“Faced with a daunting task of building and delivering 6 boats in the space of 6 months, once again Gading Marine rose to the challenge and completed the project successfully”, the promotional boasts.
A second contract referred to by the Gading Group website relates to another recent rapid delivery of two speedboats to the Royal Malaysian Police in May 2019. The value of the contract was reported as being RM28.2 million according to a statement by Police commander SAC Mohd Yusof Mamat.
In terms of opportunity however, the projects appear to be only an hors d’oeuvre for the now royally connected provider, given the remarks of the then Defence Minister and now UMNO Prime Minister Ismail Sabri at the handing over ceremony for the naval patrol boats back in March:
Commenting further, Ismail Sabri said, his party will add another 13 ships of the same type to further strengthen the control of the country’s waters.
“The acceptance of the six ships is the first stage and we plan to add another 13 similar ships worth more than RM120 million,” he said. [translated]
It is a pattern that appears to repeat itself with regard to another Gading subsidiary, Gading Kasturi, which boasts of its provision of six helicopter flight simulators to the Malaysian airforce, which appear to have actually been manufactured by Thales in 2016 according to a Thales press release:
“Thales was selected to deliver an FNPT II (Flight and Navigation Procedures Trainer) simulator to the Royal Malaysian Air Force for the purposes of initial pilot training. The simulator, delivered to the company Gading Kasturi, has been in operation since December  .
According to coverage at the time the value of the contract was yet again RM120 million:
The RM120 million deal was awarded to Gading Kasturi Sdn Bhd, a little known aviation company. According to the company’s website, Gading Kasturi is a joint venture cooperation between Gading Sari Holdings Sdn Bhd and Mycopter Aviation Services Sdn Bhd. [Malaysia Defence]
There is a promise of further lucrative collaboration with Gading Kasturi somewhat as the middle-man, according to Thales which reported:
This first collaboration between Thales and Gading Kasturi signals the beginning of a strong partnership in the field of flight simulation and reinforces Thales’ positioning in the domain.
Given Thales Scorpene background and Najib’s close association with the Pahang royal family as their key local MP it all rings rather uncomfortably doesn’t it. Or maybe you don’t think so?
The more we look into the Gading Group collection of companies and their RM1.8 billion worth of contracts the more military contracts come to light, several of the less recent ones having been signed during the prime ministership of the Pahang MP and convicted kleptocrat Najib Razak.
Related companies, Galaxy Helicopters and Galaxy Aerospace (also in the Gadang Group) would appear to be primed to receive new opportunities – viz this Linked In profile”
Galaxy Aerospace (M) Sdn Bhd (GAM) establishes [sic] in 2015 as a new player in the growing Malaysia’s aviation market. GAM strive [sic] to be a well-known private aviation company providing Maintenance, Repair & Overhaul (MRO) services, Technical Consultancy, Parts Sales, Aviation Design and also After Sales Support thru [sic] our partnership with various major OEM. Despite our very young establishment, our team represent [sic] a cumulative of 35 years of experiences and knowledge in the Malaysian Aviation Industries including Government, Private and General Aviation sector. [sic]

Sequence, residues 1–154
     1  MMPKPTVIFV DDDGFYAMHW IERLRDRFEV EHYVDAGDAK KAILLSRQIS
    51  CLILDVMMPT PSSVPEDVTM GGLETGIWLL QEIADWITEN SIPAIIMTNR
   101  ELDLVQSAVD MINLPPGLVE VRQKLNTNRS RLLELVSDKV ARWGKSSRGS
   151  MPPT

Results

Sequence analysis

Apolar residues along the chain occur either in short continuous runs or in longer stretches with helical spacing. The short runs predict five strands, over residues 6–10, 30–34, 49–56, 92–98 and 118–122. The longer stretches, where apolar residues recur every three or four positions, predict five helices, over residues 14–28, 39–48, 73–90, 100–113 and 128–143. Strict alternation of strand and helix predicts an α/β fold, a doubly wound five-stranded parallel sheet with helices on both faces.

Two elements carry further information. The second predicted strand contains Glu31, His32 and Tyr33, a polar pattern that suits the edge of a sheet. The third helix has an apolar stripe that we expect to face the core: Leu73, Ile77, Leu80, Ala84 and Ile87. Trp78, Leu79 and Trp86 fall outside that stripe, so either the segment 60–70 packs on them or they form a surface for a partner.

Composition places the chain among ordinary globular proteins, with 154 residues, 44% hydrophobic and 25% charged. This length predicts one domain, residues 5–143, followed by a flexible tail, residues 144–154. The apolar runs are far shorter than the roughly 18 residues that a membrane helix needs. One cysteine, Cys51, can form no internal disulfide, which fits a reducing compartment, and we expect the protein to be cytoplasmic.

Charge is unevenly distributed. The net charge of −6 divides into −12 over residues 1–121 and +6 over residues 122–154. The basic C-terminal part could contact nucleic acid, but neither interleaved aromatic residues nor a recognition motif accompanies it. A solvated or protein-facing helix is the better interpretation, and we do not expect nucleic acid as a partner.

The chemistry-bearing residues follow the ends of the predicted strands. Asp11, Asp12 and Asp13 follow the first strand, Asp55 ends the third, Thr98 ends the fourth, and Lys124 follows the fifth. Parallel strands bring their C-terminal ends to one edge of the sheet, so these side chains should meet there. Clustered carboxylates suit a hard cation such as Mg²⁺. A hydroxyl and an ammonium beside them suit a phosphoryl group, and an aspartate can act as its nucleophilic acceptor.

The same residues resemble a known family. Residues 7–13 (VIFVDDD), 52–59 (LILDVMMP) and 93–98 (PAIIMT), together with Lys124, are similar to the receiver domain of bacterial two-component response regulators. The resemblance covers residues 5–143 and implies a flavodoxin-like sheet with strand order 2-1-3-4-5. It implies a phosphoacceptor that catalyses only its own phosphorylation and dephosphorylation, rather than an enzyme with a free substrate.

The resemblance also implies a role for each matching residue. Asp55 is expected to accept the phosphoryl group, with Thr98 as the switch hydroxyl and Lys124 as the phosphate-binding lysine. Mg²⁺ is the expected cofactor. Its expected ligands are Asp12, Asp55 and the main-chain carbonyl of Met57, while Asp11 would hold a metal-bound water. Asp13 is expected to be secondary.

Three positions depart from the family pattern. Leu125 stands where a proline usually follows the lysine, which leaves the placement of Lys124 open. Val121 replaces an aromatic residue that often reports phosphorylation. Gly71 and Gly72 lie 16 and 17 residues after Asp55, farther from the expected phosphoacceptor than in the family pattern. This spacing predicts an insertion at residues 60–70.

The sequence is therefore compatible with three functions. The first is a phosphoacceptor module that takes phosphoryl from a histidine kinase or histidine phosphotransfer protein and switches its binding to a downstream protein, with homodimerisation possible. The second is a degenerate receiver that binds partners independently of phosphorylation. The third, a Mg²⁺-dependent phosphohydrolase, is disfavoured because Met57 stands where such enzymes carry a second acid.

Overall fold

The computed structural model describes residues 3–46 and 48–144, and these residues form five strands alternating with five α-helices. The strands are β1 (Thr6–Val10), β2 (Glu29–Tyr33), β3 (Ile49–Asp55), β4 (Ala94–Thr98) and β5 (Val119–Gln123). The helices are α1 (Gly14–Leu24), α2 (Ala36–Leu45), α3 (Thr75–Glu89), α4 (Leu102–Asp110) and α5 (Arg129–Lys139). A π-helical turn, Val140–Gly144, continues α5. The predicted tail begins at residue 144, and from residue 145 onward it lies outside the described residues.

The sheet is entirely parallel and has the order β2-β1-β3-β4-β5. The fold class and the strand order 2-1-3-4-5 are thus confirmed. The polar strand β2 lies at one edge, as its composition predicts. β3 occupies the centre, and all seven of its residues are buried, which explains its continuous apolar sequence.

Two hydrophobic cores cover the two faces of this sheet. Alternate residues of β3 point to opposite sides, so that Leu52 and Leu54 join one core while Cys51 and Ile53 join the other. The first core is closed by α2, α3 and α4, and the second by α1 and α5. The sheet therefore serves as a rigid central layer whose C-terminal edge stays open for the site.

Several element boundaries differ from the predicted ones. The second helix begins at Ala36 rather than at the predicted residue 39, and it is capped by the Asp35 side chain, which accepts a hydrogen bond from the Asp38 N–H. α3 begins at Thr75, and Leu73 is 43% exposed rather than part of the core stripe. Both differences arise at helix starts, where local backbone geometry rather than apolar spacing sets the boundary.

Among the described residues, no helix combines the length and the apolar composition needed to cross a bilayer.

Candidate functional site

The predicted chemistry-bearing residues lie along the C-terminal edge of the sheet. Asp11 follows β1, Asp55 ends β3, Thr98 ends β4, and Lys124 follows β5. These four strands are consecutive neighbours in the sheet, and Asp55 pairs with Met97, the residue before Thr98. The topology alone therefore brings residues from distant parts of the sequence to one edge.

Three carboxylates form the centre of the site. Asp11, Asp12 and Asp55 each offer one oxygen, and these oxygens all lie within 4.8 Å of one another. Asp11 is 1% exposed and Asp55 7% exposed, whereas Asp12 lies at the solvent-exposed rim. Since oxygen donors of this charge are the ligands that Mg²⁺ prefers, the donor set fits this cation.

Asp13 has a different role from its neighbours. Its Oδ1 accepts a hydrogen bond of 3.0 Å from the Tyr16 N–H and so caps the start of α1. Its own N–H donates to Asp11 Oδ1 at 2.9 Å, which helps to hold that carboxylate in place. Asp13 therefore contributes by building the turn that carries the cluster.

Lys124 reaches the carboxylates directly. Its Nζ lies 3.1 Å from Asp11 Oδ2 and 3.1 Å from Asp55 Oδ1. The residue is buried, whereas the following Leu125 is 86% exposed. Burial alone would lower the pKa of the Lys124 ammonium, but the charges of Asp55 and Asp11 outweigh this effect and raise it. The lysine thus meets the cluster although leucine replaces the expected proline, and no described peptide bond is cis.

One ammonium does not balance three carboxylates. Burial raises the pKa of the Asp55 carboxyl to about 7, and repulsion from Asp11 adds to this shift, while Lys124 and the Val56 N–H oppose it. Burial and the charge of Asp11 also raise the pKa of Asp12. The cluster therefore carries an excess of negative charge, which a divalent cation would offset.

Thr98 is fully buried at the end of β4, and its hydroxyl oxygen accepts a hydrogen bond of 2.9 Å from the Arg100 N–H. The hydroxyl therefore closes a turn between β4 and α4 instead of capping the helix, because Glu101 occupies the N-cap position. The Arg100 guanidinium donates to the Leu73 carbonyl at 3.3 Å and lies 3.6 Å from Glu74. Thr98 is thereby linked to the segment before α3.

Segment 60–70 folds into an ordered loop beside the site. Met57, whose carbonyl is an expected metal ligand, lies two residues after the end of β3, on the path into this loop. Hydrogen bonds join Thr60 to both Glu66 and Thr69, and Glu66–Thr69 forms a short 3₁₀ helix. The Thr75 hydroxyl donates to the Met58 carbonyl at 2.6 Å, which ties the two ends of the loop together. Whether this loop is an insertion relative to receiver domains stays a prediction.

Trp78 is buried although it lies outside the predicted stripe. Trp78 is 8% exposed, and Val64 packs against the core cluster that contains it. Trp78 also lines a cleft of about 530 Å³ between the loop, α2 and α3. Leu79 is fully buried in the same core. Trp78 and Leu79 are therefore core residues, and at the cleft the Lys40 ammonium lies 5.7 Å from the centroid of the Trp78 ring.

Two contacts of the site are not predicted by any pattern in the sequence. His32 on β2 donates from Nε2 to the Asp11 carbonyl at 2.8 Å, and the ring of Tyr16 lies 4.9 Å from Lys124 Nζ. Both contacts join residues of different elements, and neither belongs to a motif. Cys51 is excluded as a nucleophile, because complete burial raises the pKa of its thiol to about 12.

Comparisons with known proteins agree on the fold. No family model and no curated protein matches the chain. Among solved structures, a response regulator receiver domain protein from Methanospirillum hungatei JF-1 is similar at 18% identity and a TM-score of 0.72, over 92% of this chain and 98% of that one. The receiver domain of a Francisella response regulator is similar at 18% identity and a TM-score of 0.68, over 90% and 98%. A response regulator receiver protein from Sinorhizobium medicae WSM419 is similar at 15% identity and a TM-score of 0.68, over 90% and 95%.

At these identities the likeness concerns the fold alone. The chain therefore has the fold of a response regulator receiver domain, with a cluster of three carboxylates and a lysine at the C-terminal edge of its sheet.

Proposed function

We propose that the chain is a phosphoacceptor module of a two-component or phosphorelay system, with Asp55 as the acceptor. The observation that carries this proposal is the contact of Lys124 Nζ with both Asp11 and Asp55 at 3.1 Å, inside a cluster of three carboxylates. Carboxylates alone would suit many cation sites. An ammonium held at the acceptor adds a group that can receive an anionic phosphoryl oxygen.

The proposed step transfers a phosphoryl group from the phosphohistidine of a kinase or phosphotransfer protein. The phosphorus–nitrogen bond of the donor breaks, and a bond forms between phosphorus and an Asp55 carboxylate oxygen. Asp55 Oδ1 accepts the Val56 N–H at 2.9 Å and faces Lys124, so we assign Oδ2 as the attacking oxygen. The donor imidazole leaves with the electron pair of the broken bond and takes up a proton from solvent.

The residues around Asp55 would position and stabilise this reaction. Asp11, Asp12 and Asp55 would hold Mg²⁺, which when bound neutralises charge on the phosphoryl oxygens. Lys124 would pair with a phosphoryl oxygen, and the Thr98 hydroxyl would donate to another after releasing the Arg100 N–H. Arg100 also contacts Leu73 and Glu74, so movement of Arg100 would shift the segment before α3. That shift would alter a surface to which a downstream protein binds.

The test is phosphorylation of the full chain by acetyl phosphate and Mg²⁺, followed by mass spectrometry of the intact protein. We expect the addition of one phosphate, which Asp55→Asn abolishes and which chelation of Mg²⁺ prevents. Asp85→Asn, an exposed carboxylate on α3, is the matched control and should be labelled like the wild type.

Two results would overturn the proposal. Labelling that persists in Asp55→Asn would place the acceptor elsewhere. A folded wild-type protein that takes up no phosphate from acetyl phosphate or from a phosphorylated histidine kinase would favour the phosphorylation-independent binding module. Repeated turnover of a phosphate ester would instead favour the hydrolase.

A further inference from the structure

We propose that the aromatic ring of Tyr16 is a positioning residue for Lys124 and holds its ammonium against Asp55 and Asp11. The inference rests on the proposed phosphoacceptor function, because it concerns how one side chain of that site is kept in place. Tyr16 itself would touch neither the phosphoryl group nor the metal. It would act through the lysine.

Perhaps it is the Gading Defence subsidiary that provides the clearest explanation of the role this group of companies is best able to perform in Malaysia.
There are no specific projects mentioned, however the website page explains the ‘turnkey’ role the company claims that it is able to perform by “leveraging our extensive network” of partners and ‘government to government intra-relations’ to get things done.
All in all, the Gading Group presents the unmistakable appearance of a company connected to royalty in Malaysia which positions itself between companies like yours and big contract opportunities in order to make a very handsome profit out of government contracts and licenced projects.
Did this not raise the same alarm bells with yourselves at Lynas as it does with everybody else who has examined your waste disposal contract with the Gading Group?
We therefore hope to receive your full responses on whether you consider Lynas vulnerable under Australia’s own foreign bribery laws and if not why not?
Should you be moved (as is your reputation) to launch an instant flurry of legal action about this open letter, which is based solely on publicly available information with regard to a matter of evident public interest, we would further like to extend our commitment to provide this same platform for Lynas to publish its full comment and any rebuttals it might chose to make in the form of an exclusive unedited article based on your reply.
We hope you think that’s fair given the gravity of these matters for the citizens of Malaysia?